As we continue fundraising for our future Aquarium, our staff is hard at work creating and finalizing plans for the aquarium and surrounding property. Our Conservation team recently made a trip to the site to get some headway on their own plans.
Amy, our sustainability manager, who has been working with the City of Cape Canaveral on some other sustainability projects, is utilizing their knowledge and experience in all ways possible for the Zoo and Aquarium. The Zoo plans to prioritize low impact development practices and incorporate resiliency planning during the process.
A few members of our Restore Our Shores team performed a shoreline evaluation to start the restoration plan. They found a healthy looking seagrass species called Ruppia maritima during their survey! Our goal will be to expand this seagrass through our future seagrass restoration program.
We also plan to do some oyster gardening onsite in the future. The process involves growing oyster spat, or larvae, in oyster shell halves in the lagoon. The fully grown oysters are used in future reef building projects. To learn more, visit our Restore Our Shores website.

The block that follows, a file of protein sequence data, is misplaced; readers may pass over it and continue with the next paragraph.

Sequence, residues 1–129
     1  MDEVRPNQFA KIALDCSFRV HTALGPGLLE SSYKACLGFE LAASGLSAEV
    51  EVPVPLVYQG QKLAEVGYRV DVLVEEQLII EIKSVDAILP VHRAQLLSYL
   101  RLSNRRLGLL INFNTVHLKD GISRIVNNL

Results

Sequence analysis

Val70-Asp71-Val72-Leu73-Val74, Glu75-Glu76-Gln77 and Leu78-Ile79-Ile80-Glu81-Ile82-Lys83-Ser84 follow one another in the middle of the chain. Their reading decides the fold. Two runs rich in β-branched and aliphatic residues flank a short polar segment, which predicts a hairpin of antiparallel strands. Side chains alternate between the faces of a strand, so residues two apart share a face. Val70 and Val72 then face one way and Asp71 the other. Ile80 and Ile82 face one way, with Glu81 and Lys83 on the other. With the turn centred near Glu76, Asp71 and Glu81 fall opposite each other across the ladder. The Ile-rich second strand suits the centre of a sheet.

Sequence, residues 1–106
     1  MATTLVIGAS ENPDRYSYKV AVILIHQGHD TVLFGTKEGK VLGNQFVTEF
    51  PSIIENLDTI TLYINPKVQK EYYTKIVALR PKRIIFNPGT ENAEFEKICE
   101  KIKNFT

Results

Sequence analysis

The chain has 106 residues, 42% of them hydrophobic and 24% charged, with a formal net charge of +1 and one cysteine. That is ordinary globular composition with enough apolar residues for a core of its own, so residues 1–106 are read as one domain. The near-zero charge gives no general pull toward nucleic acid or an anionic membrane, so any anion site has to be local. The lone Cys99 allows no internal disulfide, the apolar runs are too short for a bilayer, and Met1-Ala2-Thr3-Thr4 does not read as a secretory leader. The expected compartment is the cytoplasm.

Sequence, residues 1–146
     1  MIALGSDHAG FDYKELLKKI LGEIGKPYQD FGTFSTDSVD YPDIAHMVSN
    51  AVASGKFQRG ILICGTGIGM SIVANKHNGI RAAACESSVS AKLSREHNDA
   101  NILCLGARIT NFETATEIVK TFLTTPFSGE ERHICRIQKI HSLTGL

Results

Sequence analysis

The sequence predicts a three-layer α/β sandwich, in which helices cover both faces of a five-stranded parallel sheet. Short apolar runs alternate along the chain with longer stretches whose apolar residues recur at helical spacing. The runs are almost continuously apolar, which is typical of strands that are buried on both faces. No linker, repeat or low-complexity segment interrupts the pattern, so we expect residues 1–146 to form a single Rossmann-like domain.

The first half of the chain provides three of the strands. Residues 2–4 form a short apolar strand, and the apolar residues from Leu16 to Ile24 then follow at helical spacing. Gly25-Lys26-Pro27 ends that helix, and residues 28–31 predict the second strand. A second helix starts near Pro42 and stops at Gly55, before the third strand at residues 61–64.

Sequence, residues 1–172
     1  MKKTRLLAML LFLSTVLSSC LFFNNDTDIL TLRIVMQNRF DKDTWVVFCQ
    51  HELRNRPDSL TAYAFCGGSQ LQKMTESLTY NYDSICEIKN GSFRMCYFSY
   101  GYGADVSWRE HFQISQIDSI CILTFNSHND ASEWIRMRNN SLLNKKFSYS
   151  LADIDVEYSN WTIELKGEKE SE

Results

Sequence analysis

Unfortunately, a large amount of an invasive plant called Brazilian pepper was found near the shoreline as well during the visit. This plant creates a dense canopy that shades out other plants and is a poor habitat for native animals. We are planning to remove the Brazilian pepper and replace it with native species like mangroves before starting the official aquarium build
We hope to share public opportunities to volunteer on our Aquarium website in the future. You can start getting involved in Restore Our Shores volunteer projects now, however!
Brevard Zoo is an independent, not-for-profit organization that receives no recurring government funding for our operating costs. Your generous support enables us to continue to serve our community and continue our vital animal wellness, education and conservation programs.